This systematic review and meta-analysis, led by the London School of Hygiene and Tropical Medicine (LSHTM), has found that sex workers who have experienced 'regressive policing' (including arrest, extortion and violence from police), are three times more likely to experience sexual or physical violence. The study examines the impacts of criminalisation on sex workers’ safety, health, and access to services, using data from 33 countries. Sex workers' health and safety was found to be at risk not only in countries where sex work was criminalised, but also in Canada, which has introduced the “Nordic model”, where purchasing sex is specifically criminalised.
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This study gives a legal analysis of the legislative framework and jurisprudence relating to human trafficking in Canada. It also analyses the views of both criminal justice system personnel and SWAN society personnel on the enforcement and use of anti-trafficking legal measures. Contents include:
A “working paper” prepared as background to Building on the Evidence: An International Symposium on the Sex Industry in Canada
This paper is a result of a research programme in Canada’s sex industry: workers and their intimate partners, managers and clients.
In 1999, the Swedish government embarked on an experiment in social engineering1 to end men’s practice of purchasing commercial sexual services. The government enacted a new law criminalizing the purchase (but not the sale) of sex (Swedish Penal Code). It hoped that the fear of arrest and increased public stigma would convince men to change their sexual behaviour. The government also hoped that the law would force the estimated 1,850 to 3,000 women who sold sex in Sweden at that time to find another line of work.
On June 4th, 2014 Justice Minister Peter MacKay introduced Bill C-36, the Protection of Communities and Exploited Persons Act. The draft legislation proposes a legal frameworkthat criminalises communication in public for the purpose of prostitution, the purchase ofsexual services, material benefit, and the advertisement of sexual services.
The article examines how language helps the construction of fictive kinships networks (family-like structures among marginalized populations) amongst Southwestern U.S. street-level sex workers. These networks establish ties and obligations - as well as power structures - between members of the community.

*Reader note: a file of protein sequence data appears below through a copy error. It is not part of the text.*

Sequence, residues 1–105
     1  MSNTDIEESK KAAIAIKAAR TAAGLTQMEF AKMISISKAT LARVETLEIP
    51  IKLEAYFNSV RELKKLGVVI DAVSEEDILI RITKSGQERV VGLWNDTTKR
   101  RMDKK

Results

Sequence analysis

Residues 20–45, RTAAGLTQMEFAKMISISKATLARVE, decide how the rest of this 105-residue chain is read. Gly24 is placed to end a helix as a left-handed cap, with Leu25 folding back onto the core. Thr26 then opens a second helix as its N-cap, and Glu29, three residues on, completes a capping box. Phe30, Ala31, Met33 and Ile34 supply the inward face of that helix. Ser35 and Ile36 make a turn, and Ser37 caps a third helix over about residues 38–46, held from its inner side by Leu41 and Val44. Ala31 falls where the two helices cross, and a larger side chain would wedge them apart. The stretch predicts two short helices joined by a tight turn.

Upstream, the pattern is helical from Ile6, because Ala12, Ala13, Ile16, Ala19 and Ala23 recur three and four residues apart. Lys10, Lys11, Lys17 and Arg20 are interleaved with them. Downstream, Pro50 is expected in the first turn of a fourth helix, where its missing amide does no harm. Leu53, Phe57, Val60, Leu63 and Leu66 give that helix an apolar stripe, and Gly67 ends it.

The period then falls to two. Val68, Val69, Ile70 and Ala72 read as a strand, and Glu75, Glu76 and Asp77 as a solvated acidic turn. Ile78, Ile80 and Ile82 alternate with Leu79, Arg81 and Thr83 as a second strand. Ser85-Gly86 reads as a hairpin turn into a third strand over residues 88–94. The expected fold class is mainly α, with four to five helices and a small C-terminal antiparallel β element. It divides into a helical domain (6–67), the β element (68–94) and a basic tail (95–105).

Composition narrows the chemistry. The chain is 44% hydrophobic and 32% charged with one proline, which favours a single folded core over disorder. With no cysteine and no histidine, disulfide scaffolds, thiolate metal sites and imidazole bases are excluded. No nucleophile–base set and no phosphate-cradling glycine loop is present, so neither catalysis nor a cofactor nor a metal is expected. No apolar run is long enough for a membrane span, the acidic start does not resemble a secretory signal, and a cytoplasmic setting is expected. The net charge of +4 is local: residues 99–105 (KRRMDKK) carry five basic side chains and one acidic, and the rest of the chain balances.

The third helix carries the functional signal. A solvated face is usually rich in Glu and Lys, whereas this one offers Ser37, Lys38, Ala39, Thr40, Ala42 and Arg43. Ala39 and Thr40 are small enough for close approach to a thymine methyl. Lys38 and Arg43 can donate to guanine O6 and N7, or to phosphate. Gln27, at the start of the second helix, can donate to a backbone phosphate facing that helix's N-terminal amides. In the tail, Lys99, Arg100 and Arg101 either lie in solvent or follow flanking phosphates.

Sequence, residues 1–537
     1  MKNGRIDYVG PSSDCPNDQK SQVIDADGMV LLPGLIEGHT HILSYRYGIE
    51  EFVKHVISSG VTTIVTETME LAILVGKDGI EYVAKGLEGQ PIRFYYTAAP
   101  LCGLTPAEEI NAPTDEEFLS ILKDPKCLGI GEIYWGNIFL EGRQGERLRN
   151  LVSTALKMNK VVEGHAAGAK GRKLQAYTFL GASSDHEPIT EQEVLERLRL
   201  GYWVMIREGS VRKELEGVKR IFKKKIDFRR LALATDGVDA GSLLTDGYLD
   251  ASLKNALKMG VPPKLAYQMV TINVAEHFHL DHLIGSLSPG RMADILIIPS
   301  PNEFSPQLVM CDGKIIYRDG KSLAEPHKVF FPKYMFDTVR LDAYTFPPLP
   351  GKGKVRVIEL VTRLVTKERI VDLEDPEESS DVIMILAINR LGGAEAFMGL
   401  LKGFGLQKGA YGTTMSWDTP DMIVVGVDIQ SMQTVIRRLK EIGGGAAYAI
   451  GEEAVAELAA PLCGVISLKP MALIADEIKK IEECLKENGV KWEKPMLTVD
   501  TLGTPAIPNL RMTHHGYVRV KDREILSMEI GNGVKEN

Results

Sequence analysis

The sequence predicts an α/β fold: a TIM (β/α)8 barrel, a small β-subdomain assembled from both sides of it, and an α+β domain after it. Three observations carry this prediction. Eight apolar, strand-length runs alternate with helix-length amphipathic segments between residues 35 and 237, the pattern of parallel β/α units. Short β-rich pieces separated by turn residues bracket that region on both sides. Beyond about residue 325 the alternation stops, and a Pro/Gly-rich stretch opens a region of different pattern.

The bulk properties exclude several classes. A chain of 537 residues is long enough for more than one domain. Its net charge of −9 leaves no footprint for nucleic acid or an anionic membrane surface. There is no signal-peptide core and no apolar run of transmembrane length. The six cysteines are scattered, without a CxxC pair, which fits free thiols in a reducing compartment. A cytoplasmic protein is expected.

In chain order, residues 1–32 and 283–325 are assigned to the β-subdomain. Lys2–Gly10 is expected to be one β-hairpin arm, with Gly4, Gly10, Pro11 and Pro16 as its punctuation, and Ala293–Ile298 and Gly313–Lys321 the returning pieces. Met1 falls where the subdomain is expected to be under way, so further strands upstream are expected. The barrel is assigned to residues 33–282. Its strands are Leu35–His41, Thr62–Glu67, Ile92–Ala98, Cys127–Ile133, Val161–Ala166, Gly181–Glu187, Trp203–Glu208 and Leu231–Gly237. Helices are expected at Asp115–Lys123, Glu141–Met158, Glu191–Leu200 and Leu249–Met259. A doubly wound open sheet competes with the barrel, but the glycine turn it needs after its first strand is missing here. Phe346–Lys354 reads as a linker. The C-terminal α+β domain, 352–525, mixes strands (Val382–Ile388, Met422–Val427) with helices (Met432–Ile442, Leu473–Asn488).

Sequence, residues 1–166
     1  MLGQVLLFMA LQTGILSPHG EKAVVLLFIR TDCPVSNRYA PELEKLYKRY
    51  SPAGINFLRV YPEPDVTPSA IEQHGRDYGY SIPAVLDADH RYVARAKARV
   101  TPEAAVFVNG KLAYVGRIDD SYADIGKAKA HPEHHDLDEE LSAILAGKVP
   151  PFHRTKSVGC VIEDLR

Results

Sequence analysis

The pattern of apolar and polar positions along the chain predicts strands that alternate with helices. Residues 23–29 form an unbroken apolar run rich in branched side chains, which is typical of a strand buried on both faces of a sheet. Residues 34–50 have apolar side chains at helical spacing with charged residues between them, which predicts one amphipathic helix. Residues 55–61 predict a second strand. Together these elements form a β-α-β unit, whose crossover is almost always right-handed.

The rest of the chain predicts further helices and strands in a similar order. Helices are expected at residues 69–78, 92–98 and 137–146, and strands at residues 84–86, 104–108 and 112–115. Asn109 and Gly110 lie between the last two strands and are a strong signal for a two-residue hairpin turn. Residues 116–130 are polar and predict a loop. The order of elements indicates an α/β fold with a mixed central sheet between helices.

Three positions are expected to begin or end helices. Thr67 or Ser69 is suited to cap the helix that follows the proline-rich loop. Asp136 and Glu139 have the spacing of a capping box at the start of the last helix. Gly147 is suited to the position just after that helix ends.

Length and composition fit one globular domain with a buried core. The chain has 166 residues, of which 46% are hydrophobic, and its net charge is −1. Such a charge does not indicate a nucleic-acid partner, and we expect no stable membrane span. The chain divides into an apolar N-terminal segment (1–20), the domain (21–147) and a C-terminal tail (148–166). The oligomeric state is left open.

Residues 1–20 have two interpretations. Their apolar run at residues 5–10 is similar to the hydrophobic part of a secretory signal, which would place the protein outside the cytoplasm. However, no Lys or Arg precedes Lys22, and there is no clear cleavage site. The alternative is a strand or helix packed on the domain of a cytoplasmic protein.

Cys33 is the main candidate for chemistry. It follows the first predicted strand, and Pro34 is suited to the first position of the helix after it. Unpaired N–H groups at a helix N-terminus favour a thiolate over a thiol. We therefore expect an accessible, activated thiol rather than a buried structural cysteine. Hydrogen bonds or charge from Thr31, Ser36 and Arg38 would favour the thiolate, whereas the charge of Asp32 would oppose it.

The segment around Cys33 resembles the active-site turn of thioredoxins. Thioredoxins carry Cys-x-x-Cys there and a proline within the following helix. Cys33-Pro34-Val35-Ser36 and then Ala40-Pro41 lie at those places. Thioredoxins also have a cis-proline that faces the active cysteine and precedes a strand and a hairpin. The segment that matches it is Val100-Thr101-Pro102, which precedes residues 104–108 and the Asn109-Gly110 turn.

This reference text seeks to "clarify terms and illustrate examples of alternatives to the use of criminal law as a response to sex work". It provides capsule definitions - with small case-studies or examples - of what a variety of laws and policies look like in terms of their impact on sex work, covering criminalisation, legalisation, and decriminalisation, along with a mini-discussion of other laws that are used against sex workers, such as the criminalisation of HIV transmission, or immigration enforcement.
Sex workers are frequently omitted from discussions about the links between criminalisation, marginalisation, and increased HIV transmission. At the IAS 2010 conference in Vienna, substantial attention was focused on the negative impacts that criminalisation has on men who have sex with men, injection drug users, and people living with HIV—but very little on its effects on sex workers. Few outside of the Global Village explicitly called for decriminalisation of sex work or mentioned that laws criminalizing HIV transmission and exposure exacerbate the damage already being done to sex workers' health and rights. This article explores this omission, how other hard-hit constituencies have struggled for their place on the HIV/AIDS advocacy agenda, and why the HIV/AIDS field should be actively collaborating with sex workers' rights organisations, particularly on anti-criminalisation work.